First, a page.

Friend, Advocate, and Lover to the L.A. River, Lewis MacAdams says Goodbye To FoLAR

Lewis MacAdams Riverwalk
Councilmember Mitch O'Farrell, Lewis MacAdams, Councilmember Ed P. Reyes, Irma Munoz, Board Chair, MRCA, Councilmember Tom LaBonge and Gary Lee Moore, City Engineer for Los Angeles. Opening Ceremony of Sunnynook River Park and plaque dedication for Lewis MacAdams, founder of Friends of the LA River, FoLAR. | Photo by: Citizen of the Planet/Education Images/UIG via Getty Images

Lewis MacAdams, poet, activist, and dear friend to the L.A. River, has decided to step down from his role as president of Friends of the Los Angeles River (FoLAR). The incoming president will be Marissa Christiansen who has been serving as the senior policy director for the nonprofit organization. This shift in leadership comes at a pivotal time when the river is receiving increased attention towards investment such as the $1.3 billion federal grant to revive 11 miles of the stretch and plans to update the L.A. River County Master Plan. Over the past decade, considerable progress has been made to activate the neglected river, such as restoring wetland ecosystems and opening adjacent spaces for recreational activity thanks to the consistent advocacy by FoLAR, among other groups. 

What started off as a performance art piece by Lewis MacAdams and two other artists, where the three men cut into a fence blocking access to the river and declared it “open”, has grown into a multidimensional nonprofit organization. FoLAR did not “discover” the river but rather popularized it with the intention to restore and protect the natural and cultural heritage of the riverway by advocating for inclusive urban planning, hosting massive cleanups, conducting research, and organizing educational workshops for youth and the public.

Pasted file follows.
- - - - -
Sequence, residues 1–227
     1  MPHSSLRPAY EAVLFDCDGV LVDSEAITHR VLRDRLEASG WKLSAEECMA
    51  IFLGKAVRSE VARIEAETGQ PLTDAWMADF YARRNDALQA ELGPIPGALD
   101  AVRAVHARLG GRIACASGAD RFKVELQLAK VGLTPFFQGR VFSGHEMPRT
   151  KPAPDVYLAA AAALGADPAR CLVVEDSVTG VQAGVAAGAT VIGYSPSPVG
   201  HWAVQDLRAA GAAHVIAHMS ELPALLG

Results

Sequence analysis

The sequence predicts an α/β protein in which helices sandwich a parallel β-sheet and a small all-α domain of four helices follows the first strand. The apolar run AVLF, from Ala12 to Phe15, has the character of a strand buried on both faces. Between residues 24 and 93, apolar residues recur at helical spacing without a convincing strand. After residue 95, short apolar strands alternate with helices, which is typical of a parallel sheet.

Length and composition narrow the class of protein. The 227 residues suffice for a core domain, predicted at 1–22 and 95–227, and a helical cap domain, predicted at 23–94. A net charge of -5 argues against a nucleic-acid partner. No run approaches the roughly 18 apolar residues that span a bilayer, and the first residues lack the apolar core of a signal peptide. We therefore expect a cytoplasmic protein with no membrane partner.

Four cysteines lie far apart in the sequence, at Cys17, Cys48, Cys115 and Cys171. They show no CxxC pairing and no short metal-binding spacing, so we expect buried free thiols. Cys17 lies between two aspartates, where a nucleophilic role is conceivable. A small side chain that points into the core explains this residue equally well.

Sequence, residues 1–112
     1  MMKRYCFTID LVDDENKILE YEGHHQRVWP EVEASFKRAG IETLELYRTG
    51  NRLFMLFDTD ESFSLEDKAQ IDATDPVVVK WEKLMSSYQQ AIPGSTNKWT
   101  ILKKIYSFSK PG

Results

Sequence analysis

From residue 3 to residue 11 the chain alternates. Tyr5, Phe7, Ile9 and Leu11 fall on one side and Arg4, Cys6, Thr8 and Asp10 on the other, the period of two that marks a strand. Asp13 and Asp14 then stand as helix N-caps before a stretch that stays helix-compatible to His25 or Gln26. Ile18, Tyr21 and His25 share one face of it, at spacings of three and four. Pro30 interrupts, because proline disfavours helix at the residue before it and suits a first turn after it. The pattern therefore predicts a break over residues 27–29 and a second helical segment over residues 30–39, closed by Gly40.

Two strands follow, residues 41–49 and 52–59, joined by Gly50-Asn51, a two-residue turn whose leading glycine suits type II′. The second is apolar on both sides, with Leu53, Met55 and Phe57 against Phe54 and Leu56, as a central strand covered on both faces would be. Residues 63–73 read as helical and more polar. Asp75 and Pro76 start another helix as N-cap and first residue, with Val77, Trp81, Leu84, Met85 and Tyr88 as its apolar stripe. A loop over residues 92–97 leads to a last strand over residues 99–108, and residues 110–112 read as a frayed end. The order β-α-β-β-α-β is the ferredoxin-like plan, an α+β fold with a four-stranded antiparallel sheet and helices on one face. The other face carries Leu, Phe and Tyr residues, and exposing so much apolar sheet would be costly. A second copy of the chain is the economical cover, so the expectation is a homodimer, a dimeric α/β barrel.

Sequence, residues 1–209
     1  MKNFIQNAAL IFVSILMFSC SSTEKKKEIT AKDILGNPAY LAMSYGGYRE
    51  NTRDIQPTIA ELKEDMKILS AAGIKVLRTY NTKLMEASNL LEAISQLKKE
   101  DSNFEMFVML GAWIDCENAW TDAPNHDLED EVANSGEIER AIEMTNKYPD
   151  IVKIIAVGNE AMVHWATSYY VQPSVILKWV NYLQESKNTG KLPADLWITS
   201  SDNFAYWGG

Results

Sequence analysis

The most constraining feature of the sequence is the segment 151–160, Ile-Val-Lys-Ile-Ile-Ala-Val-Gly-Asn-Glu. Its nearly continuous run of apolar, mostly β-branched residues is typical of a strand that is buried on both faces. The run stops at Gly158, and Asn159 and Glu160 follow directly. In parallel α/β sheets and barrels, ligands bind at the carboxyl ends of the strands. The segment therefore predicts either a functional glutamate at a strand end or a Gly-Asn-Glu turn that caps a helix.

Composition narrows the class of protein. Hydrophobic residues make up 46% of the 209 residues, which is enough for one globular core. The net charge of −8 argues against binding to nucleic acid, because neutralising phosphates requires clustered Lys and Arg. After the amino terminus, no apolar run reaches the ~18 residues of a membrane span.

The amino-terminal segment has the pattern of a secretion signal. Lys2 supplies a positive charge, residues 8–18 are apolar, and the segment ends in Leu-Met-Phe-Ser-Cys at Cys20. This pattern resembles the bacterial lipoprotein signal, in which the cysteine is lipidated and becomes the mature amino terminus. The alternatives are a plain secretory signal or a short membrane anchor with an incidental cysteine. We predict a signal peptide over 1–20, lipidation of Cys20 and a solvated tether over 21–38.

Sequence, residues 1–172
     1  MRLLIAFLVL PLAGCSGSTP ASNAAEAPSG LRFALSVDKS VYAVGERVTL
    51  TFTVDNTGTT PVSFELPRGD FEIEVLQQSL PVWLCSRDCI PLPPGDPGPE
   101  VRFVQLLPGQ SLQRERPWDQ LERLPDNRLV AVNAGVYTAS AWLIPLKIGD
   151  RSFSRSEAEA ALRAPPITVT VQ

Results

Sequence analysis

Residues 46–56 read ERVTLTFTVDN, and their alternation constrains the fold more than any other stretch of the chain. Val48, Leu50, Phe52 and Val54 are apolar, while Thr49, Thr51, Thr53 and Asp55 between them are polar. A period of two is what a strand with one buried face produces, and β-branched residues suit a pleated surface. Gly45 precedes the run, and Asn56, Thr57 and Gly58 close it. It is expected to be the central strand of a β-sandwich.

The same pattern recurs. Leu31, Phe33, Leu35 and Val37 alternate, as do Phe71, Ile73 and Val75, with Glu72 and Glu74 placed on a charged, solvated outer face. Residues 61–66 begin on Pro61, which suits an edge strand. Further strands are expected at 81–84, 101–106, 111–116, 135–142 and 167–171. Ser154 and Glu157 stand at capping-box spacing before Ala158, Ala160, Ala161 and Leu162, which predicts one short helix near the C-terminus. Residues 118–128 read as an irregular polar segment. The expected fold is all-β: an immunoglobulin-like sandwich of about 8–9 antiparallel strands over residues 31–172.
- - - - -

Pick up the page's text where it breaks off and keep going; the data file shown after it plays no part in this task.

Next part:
Equally as dynamic is Lewis MacAdams’ own story. Originally born in San Angelo, Texas, MacAdams was raised by two politically concerned parents and came of age during the civil rights movement. With an English degree from Princeton, he later moved to Northern California and got involved with public works construction in Marin County while making a living teaching and performing poetry. Years later, when MacAdams moved to Los Angeles, the L.A. River caught his attention and instantly “knew that [he] would be involved with the river for the rest of [his] life.” This initial meeting planted the seeds for his performance piece to be done on site 5 years later.

While MacAdams doesn’t consider himself an “environmentalist” but rather a “infrastructuralist”, his legacy reminds us that water politics is interconnected to many social issues and foundational to the health and vibrancy of any city, such as ours. It was poor foresight that reshaped this natural landscape into a concrete channel in the first place. In the 1930s, L.A. officials needed a solution to prevent destructive flooding from the river which resulted in the 52-mile concrete channel we know today. However, MacAdams’ ingenuity has already started to change the course of the river for the better. Armed with poetry and a passion for politics, he has attracted a wide base of support for FoLAR, in an effort to restore the L.A. River. In an interview with KCET in 2011, MacAdams said he hopes the mission of FoLAR “outlives” him. Will his vision to restore the ecosystem of the L.A. River and support for community stewardship be continued under the new leadership or abandoned for commercial development along the river?

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